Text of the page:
Well, now I am several months away from the initial split. Finances are something that need to be discussed and figured out.? Yes, I will be getting ?maintenance?, which is the same as alimony. But that is only for a few years and I will be taxed on it. That means it’s not as much as it seems.
Then there is the issue of retirement.? I am entitled to half of our assets.? I was thinking, ok good, this will be helpful. He?s had a 401k for a while.? Guess again, honey.? At mediation I found out there was less than $10,000 left in that account.? $10,000.? That’s a good amount for a basic savings account, but that is NOTHING when it comes to being able to retire, like, ever.? How did this happen?? Well, that’s a story for another day.? The point is, I have ZERO retirement set up, because Social Security is also a joke.
Financial security?? What the hell is that?
Now I have to start getting my ducks in a row, not only because he never did, but because I no longer have that joint income.? I will admit that I am afraid and somewhat ashamed to go to a financial planner for help.? Why? The state of my finances is abysmal.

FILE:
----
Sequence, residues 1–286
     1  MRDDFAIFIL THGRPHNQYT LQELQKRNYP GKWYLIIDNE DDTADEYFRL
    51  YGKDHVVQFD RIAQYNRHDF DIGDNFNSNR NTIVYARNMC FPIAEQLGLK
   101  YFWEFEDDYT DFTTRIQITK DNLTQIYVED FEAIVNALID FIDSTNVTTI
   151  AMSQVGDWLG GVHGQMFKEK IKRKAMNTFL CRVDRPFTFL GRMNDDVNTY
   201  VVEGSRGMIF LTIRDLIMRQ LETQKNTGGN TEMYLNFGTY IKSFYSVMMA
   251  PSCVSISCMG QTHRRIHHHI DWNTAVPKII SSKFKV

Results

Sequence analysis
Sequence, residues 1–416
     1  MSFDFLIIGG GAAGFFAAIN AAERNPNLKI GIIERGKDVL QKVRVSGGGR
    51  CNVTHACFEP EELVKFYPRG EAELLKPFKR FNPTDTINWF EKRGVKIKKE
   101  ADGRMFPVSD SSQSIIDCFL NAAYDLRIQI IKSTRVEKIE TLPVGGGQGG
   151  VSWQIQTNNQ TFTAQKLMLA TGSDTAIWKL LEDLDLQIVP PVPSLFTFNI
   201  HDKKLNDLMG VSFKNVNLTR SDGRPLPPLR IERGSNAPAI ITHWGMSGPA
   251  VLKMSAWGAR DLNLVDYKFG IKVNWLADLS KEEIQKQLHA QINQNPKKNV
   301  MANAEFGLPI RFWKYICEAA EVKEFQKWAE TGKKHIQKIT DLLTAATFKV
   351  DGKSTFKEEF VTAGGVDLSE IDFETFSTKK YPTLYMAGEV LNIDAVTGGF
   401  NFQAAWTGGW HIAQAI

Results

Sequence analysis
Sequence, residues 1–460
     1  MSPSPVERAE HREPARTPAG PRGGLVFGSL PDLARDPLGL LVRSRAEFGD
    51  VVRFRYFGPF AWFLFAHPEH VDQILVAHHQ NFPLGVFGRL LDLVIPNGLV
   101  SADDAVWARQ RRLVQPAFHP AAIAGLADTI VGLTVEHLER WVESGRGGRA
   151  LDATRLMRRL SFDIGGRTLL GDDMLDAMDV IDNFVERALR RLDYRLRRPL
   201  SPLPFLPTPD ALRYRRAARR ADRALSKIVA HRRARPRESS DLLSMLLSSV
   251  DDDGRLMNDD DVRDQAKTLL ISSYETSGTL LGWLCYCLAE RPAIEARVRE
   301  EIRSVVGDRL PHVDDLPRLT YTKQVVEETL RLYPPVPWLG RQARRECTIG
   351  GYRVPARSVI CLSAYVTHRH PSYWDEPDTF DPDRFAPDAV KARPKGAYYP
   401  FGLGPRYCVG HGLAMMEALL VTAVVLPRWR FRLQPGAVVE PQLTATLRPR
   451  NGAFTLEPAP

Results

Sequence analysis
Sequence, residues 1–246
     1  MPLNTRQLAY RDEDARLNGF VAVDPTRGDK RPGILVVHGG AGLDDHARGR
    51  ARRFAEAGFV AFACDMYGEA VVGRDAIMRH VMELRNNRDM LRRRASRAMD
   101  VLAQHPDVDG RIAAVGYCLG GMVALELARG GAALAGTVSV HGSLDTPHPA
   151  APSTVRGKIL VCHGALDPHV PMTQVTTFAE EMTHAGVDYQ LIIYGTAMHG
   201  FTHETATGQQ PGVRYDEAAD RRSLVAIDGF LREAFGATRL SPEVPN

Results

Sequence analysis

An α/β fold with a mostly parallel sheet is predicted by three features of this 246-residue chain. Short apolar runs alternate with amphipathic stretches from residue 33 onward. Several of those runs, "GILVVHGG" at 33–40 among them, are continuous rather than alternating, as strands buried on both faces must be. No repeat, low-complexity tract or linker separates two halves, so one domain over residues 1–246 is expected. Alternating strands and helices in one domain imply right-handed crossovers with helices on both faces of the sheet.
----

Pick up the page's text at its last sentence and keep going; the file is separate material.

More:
You know how people avoid the dentist because they don?t want the dentist to give them a hard time about not flossing?? This is how I feel about going to the financial planner.
I am going through the worst time in my life, and I really don?t want to hear about how I should have done a better job with money.
Will a decent person/financial planner (I?m hoping that?s not an oxymoron) shame me to my face?? I hope not.? Hopefully, at worst, she will roll her eyes internally, while smiling and comforting me, and telling me that it will be tough, but doable.
I am absolutely terrified that I will be told that I will never be able to retire unless I somehow get a serious job in the near future.? The other unappealing option being that if I do retire, ever, I will be on food stamps and supplementing my ?income? by teaching Tai Chi at the community center indefinitely.? Nothing wrong with teaching Tai Chi.? I do teach it already, but I don’t want to have to do it in order to be able to buy food.